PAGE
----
On June 25, some of Custer's Crow Indian scouts identified what they claimed was a large Indian encampment along the Little Bighorn River. Custer divided his forces into three battalions: one led by Major Marcus Reno, one by Captain Frederick Benteen, and one by himself. Captain Thomas M. McDougall and Company B were with the pack train. Benteen was sent south and west, to cut off any attempted escape by the Indians, Reno was sent north to charge the southern end of the encampment, and Custer rode north, hidden to the east of the encampment by bluffs, and planning to circle around and attack from the north.

Reno began a charge on the southern end of the village, but halted midway and had his men dismount and form a skirmish line. They were soon overcome by mounted Lakota and Cheyenne warriors who counterattacked en masse against Reno's exposed left flank forcing Reno and his men to take cover in the trees along the river. Eventually, however, this position became untenable and the troopers were forced into a bloody retreat up onto the bluffs above the river, where they made their own stand. This, the opening action of the battle, cost Reno a quarter of his command.

Meanwhile, unaware of Reno's failure, Custer had his command to the northern end of the main encampment, where he apparently planned to sandwich the Indians between his attacking troopers and Reno's command in a "hammer-and-anvil" maneuver. According to Grinnell's account, based on the testimony of the Cheyenne warriors who survived the fight, at least part of Custer's command attempted to ford the river at the north end of the camp but were driven off by stiff resistance from the Indians and were pursued by hundreds of warriors onto a ridge north of the encampment. There, Custer was prevented from digging in by Crazy Horse, whose warriors had outflanked him and were now to his north, at the crest of the ridge. Traditional white accounts attribute to Gall the attack that drove Custer up onto the ridge, but Indian witnesses have disputed that account.

For a time, Custer's men were deployed by company, in standard cavalry fighting formation—the skirmish line, with every fourth man holding the horses. This arrangement, however, robbed Custer of a quarter of his firepower, and as the fight intensified, many soldiers took to holding their own horses or hobbling them, further reducing their effective fire. When Crazy Horse and White Bull mounted the charge that broke through the center of Custer's lines, pandemonium broke out among the men of Calhoun's command, though Myles Keogh's men seem to have fought and died where they stood. Many of the panicking soldiers threw down their weapons and either rode or ran towards the knoll where Custer the other officers and about 40 men were making a stand. Along the way, the Indians rode them down, counting coup by whacking the fleeing troopers with their quirts or lances.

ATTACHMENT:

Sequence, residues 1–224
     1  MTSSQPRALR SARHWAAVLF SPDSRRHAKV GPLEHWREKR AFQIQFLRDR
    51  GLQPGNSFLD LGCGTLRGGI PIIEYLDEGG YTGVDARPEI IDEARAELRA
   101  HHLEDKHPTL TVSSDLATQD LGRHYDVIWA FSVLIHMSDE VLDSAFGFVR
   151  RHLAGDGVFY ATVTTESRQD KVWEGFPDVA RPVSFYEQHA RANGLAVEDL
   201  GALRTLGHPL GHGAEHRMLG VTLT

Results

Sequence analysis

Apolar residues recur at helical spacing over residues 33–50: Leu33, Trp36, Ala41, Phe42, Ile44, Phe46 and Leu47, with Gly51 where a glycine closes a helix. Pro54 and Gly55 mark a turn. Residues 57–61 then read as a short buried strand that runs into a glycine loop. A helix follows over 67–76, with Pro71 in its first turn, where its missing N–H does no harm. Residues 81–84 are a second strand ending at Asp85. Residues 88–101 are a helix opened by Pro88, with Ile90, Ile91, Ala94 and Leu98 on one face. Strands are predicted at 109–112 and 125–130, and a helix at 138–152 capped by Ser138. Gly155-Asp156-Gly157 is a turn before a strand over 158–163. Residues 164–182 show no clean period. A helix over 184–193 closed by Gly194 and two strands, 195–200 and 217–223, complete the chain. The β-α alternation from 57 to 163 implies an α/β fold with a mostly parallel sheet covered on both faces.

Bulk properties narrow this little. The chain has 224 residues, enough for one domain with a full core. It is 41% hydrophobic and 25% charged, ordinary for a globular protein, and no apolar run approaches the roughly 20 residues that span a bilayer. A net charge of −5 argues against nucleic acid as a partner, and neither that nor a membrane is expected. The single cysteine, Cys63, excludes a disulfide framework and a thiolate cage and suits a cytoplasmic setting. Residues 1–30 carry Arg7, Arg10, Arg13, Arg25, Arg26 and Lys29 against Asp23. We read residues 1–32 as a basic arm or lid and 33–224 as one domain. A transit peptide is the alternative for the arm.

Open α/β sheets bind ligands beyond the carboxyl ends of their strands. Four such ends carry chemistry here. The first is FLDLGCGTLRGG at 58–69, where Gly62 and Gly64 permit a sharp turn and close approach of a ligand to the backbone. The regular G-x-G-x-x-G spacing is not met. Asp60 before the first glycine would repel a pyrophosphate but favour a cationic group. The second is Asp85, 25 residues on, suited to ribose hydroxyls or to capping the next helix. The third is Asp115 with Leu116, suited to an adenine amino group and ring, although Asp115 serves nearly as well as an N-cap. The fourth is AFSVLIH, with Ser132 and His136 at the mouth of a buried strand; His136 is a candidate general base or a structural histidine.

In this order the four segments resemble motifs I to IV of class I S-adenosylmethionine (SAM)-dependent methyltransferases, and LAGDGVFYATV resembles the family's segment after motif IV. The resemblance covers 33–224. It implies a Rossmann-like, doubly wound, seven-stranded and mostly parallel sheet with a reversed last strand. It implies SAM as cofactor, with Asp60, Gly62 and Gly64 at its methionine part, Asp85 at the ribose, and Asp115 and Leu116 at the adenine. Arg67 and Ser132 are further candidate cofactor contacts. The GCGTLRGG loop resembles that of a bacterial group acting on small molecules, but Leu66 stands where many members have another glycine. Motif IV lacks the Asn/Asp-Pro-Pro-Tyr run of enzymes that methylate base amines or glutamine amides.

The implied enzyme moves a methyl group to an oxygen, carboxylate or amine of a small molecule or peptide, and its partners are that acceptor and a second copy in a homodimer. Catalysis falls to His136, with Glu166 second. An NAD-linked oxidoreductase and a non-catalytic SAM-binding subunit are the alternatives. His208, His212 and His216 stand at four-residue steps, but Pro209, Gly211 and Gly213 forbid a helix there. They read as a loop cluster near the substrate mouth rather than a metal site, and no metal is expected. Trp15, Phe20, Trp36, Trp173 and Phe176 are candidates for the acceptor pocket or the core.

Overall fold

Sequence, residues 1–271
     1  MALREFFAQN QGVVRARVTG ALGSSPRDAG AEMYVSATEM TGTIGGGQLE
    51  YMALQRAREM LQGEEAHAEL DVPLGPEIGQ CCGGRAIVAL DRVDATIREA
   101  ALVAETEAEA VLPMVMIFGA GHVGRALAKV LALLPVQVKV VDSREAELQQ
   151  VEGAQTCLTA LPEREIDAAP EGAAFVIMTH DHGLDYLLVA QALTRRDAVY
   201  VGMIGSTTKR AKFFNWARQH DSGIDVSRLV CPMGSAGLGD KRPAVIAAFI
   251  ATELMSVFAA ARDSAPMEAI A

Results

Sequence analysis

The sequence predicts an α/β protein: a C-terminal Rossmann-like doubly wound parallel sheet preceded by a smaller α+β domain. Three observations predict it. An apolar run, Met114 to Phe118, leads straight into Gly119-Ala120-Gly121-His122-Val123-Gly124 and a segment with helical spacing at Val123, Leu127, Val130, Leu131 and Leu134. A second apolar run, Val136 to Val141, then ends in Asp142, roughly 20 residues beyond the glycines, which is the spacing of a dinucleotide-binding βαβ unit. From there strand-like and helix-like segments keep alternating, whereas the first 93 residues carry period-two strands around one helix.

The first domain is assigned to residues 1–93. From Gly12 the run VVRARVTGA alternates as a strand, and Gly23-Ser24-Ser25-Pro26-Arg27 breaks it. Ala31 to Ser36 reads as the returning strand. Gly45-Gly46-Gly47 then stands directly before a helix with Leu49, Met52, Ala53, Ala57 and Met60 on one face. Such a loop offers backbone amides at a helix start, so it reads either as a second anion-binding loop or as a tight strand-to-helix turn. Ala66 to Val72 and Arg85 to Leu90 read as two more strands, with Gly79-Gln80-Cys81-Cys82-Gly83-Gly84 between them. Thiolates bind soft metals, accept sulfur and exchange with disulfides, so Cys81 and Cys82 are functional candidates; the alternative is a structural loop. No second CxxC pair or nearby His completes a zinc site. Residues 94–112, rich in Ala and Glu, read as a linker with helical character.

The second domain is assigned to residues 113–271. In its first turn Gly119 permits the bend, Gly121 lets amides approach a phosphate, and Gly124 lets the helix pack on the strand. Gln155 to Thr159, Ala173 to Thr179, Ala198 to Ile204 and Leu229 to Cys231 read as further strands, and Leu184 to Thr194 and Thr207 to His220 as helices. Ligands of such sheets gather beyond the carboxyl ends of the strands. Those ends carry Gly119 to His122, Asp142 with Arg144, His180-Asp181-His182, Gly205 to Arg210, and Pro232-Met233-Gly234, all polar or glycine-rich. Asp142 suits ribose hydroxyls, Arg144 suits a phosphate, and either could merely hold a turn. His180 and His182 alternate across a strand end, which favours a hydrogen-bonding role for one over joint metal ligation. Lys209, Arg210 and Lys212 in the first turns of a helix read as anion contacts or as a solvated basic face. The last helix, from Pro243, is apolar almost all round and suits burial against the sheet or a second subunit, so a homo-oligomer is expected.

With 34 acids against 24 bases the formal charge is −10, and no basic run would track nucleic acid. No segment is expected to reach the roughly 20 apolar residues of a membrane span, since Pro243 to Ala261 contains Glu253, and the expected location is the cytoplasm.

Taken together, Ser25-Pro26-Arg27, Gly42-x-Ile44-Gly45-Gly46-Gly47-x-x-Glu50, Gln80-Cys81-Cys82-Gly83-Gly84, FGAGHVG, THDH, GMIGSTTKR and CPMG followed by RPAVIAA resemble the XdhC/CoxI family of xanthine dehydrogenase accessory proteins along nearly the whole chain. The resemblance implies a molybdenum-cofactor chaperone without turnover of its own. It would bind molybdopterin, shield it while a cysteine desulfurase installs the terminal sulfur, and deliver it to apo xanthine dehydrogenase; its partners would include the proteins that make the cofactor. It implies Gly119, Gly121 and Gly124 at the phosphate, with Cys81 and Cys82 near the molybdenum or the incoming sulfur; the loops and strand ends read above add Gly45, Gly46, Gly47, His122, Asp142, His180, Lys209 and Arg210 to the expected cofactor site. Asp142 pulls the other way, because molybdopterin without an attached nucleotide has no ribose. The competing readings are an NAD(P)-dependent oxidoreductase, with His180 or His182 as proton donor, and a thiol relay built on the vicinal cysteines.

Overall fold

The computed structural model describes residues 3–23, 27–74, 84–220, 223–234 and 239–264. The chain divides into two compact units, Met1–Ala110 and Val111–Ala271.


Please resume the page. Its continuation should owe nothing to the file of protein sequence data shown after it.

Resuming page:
Initially, Custer had 208 officers and men under his command, with an additional 142 under Reno, just over a hundred under Benteen, 50 soldiers with Captain McDougall's rearguard, and 84 soldiers under Lieutenant Mathey with the pack train. The Indians fielded over 1800 warriors. As the troopers were cut down, the Indians stripped the dead of their firearms and ammunition, with the result that the return fire from the cavalry steadily decreased, while the fire from the Indians steadily increased. With Custer and the survivors shooting the remaining horses to use them as breastworks and making a final stand on the knoll at the north end of the ridge, the Indians closed in for the final attack and killed all in Custer's command. As a result, the Battle of the Little Bighorn has come to be popularly known as "Custer's Last Stand."

When the cavalry's main column did arrive three days later, they found most of the soldiers' corpses stripped, scalped, and mutilated. Custer’s body had two bullet holes, one in the left temple and one just above the heart. Following the recovery of Custer's body, he was given a funeral with full military honors and buried on the battlefield. He was reinterred in the West Point Cemetery on October 10, 1877. The battle site was designated a National Cemetery in 1876.

1 comment:

Anonymous said...

Ahh general George A Custer...
His yellow hair had luster...
But the general doesn't ride well anymore.
To some he was a hero...
But to me his story's zero...
And the general doesn't ride well anymore.

"Bitter Tears"

..................Johnny Cash,